For all of the amazing engineering and agricultural productivity (not to mention the Bakersfield Sound) than came of it, it's pretty clear that what's been done to this river has a serious downside. It is very weird to imagine a river that is entirely diverted away into canals half-way down its length, reduced to a sandy trackway for fifty-plus miles, then gradually reborn in its lower half by water pumped in from other rivers. Definitely has "unsustainable" stenciled all over it.
Here's an interesting paragraph from deep down in the article:
"Before I left, I promised Ryan and Laura I’d create my own water budget. And figure out where my water in Atlanta comes from, exactly."Well, a big bucket of that water that would be from Lake Lanier. Which was formed by a dam on the Chatahoochee river. A dam that was originally built – multi-state contract all signed and legal – for the sole purpose of power generation. But mission creep took over, Atlanta tapped off more and more water, and when things were finally dragged into court, the ruling was – agreement be damned – Atlanta could have the water and everybody downstream else could go pound sand. Including everyone on the Chatahoochee and Apalachicola rivers, and especially those oysters in Apalachicola Bay.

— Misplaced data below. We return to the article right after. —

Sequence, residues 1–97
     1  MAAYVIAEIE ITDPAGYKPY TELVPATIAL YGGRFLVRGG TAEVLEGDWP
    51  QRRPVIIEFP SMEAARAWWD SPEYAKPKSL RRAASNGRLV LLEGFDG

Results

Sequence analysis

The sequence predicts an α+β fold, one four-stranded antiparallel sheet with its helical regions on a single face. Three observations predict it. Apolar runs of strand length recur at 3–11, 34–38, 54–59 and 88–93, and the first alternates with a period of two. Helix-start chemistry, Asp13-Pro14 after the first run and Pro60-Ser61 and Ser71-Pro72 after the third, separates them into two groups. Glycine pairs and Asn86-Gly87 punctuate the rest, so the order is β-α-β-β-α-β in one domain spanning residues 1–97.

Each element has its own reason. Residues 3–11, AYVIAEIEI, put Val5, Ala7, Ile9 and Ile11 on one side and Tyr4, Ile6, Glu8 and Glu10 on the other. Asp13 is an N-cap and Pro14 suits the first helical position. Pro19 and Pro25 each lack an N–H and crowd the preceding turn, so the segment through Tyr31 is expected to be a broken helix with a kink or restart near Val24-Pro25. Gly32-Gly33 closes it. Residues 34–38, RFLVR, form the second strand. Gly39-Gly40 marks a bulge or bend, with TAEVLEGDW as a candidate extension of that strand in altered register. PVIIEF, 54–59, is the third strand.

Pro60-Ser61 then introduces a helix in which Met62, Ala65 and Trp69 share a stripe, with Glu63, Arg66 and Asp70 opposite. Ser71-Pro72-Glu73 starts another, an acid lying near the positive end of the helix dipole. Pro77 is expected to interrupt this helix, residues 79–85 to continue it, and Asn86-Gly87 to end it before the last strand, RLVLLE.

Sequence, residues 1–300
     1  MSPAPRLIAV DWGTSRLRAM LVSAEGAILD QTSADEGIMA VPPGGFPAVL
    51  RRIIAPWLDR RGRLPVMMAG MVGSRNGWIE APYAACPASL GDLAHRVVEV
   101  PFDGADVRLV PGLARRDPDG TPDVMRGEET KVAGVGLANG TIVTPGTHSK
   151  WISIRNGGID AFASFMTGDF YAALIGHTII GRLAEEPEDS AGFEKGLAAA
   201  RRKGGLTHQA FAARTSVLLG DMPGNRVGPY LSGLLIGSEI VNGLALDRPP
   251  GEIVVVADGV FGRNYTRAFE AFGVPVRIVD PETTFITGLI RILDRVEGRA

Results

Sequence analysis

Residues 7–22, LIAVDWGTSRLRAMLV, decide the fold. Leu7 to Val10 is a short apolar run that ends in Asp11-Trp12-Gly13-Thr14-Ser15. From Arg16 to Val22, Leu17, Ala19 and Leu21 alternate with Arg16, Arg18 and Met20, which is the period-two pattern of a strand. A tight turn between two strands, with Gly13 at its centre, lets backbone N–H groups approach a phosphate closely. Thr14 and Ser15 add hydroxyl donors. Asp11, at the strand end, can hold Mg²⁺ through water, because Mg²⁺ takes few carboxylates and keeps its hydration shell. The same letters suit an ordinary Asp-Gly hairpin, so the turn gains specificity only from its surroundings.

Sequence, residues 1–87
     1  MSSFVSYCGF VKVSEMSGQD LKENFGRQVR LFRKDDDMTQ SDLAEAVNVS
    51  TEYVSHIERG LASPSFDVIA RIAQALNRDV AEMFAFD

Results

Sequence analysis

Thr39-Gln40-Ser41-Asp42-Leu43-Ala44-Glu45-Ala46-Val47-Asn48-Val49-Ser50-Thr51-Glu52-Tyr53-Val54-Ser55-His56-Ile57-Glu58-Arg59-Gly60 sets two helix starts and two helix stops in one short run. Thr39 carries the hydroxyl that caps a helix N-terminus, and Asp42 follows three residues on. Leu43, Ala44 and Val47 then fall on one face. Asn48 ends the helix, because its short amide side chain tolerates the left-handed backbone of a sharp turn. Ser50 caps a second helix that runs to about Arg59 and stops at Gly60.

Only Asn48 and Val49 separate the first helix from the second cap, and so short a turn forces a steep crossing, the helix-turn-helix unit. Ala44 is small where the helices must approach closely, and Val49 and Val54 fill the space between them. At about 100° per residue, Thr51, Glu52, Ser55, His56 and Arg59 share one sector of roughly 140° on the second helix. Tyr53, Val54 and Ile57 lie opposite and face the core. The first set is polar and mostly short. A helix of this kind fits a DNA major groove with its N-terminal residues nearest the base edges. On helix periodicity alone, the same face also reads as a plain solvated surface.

So, thank you for your concern, Mr. Sutter, and all the rest at CNN. Please do work up a personal water budget, for all the good it will do. But given your new experience, why don't you use your media empire soapbox to show Atlanta and the rest of the world what your fair city is doing to a still relatively pristine river right at this moment? Please work on this, before it's too late and someone else has to take a kayak trip down another destroyed river in a half-century or so.